Be careful with electrical outlets and cords

Electrical fires are another of the top causes of house fires in the US. Take care when plugging and unplugging items from outlets, and be careful not to overload an outlet. Use surge protectors when you need to plug in multiple items in the same area - like a computer, wifi router, and monitors. And try not to plug too many high-powered items into the same outlet or extension cord (like space heaters, air conditioners, fans, microwaves, hairdryers, etc.).

Also, make sure you don’t have any frayed or exposed wires. If you have pets that like to chew on things, check your cords frequently or place them in such a way that your pets can’t get to them. If you have frayed cords on electronic devices, use electrical tape to cover them, or even better, try to replace the cord altogether.

Store flammable items with care

Flammable items like hair products, cleaners, and other household chemicals have advisory statements for storage and temperature warnings for a reason. Pay attention to the storage instructions on your household chemicals and take care to heed those.

Keep these items away from heat sources and store them in cool, dry areas.

Exercise caution with candles

Candles bring about a cozy feeling to any home, but as an open flame, they can be dangerous when left unattended. Here are a few tips to continue to use your candles safely:

  • Blow candles out before leaving a room.
  • Blow candles out before you fall asleep.
  • Keep candles far from other objects.
  • Never place candles on an uneven or unstable surface where they can tilt or fall easily.
  • Keep lit candles out of the reach of pets and children.
  • Don’t let children have candles lit in their bedrooms.

Teach your children about fire safety

Every member of your household should be familiar with these fire safety tips. Take the time to teach your children these tips to help them contribute to a fire-safe home as well as to give them the knowledge they need to ensure their future homes are safe from fires.

Safety measures to take in case of a house fire

As we’ve mentioned, you can do everything right and a house fire can still take place, whether it’s due to a natural disaster or other external factors. Remember these six safety measures in the event that a fire ever happens in your home:

  1. Have an exit strategy. Create and practice exit strategies in your home with your family. Make sure you and your children are aware of all possible exits from each room in the house, including windows.
  2. Stay low to the ground. If a fire occurs in your home and there’s already smoke in the air, stay low and crawl. Smoke travels upwards, so staying low can allow you to have more breathable air. You may also want to cover your mouth and nose with a cloth to help filter the smoke.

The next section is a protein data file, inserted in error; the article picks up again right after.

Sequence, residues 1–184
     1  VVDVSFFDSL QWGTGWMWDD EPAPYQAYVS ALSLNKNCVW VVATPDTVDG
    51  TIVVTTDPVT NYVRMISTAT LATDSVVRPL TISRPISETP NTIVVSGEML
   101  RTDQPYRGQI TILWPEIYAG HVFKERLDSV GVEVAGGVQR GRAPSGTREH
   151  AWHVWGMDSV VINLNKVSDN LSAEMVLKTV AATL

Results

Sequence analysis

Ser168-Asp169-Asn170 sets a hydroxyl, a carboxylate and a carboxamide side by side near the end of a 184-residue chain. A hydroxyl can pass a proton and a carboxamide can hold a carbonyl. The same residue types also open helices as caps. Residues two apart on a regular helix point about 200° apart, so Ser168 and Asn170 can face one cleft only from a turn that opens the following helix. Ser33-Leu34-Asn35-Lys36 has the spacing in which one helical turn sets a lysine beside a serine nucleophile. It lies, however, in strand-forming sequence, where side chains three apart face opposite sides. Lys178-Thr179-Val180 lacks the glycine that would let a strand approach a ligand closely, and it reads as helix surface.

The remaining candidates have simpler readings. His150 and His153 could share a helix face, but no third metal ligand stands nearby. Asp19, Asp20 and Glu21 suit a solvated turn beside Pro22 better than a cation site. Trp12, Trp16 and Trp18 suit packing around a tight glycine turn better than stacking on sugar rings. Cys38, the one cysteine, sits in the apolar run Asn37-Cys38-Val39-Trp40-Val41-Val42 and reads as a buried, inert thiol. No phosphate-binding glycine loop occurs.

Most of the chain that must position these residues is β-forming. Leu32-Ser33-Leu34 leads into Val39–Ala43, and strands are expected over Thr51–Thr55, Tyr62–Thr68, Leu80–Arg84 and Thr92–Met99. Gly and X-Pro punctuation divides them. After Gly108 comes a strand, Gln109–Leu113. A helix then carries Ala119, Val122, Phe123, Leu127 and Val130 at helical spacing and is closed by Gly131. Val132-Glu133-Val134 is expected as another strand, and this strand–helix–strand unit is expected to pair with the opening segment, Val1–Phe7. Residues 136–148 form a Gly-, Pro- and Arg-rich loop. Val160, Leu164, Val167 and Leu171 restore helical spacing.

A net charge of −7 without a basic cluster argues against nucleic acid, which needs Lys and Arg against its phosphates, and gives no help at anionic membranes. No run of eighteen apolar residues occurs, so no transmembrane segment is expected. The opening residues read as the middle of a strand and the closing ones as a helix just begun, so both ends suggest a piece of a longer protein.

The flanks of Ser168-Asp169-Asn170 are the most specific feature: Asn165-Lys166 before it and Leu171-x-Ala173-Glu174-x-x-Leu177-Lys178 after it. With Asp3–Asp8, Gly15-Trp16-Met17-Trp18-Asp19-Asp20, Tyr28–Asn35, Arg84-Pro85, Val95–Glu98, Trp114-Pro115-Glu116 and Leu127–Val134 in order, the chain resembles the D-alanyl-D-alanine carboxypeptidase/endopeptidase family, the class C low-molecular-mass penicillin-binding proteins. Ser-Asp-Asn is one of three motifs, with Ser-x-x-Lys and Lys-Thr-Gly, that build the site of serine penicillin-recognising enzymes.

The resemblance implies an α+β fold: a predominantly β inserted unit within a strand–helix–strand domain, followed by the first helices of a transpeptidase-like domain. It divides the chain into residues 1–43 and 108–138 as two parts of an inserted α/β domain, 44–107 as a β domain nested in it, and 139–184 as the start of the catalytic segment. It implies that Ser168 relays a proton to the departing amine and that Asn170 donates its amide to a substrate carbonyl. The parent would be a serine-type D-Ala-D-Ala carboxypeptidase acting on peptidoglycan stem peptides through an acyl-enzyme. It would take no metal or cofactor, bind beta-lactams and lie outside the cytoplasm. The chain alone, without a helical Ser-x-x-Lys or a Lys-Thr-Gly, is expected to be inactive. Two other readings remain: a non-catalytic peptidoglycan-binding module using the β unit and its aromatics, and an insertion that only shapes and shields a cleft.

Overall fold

3. Close the door. If there is a fire in the hallway outside the room you are in that is blocking your exit, close the door. This will help slow down smoke and fire from getting into the room you're in, giving you more time to escape out the window or wait for a firefighter.
  4. Stop, drop, and roll. This has been ingrained in most of us from a young age, and that’s because it works. If your clothes catch on fire, stop running, drop to the floor, and roll until the fire is out.
  5. Leave the house quickly. Get your family and exit the home as quickly as possible. Don’t try to save every item that you can. The most important thing is keeping you and your family safe. House fires can be unpredictable and you don’t want to get caught in the thick of it for going back in to retrieve items.
  6. Store your valuables. Keep valuable items in a fire-resistant container like a safe. The last thing you need to worry about during a fire is going to find the box or bag of sentimental photos, documents, or items that you don’t want to lose.

Items to keep in a Liberty Safe for protection

As told by the Blevins’ fire story, there are many items you can keep in a Liberty Safe, beyond just guns, in the event of a natural disaster or fire. There may even be items that you haven’t thought about storing before. Here’s a list of items you may want to consider storing in your Liberty Safe:

  • Photos. Family photos, baby photos, wedding photos, graduation photos, you name it. Any hard copies of photos that you may have and want to preserve can be stored securely in your safe.
  • Electronics and digital files. Maybe you have digital copies of important documents or memories on flash drives or hard drives.
  • Important documents. Things like social security cards, passports, birth certificates, and other important documents can be stored in your safe.
  • Jewelry. If you have sentimental jewelry that’s been passed down from parents or grandparents or other small jewelry items that you don’t frequently wear and want to keep safe, store them in your safe.
  • Clothing items and blankets. Some people like to hold onto their child’s first baby blanket, a special sweater made by grandma, or other sentimental cloth items.
  • Other things of value to you. There really isn’t a limit (other than size) as to what can be stored in your safe. If you hold something dearly that you don’t want to lose in a fire, you can store it in your safe.

More information about Liberty Safes

Liberty Safes were designed with you in mind. We want to provide our customers with the peace of mind they deserve when they purchase a safe from us. At Liberty Safe, each of our home and gun safes comes with certified fire protection and additional security measures to ensure the protection of your valuable items.

If you’re interested in learning more or would like to browse and shop our selection of home safes, you can look here for more information.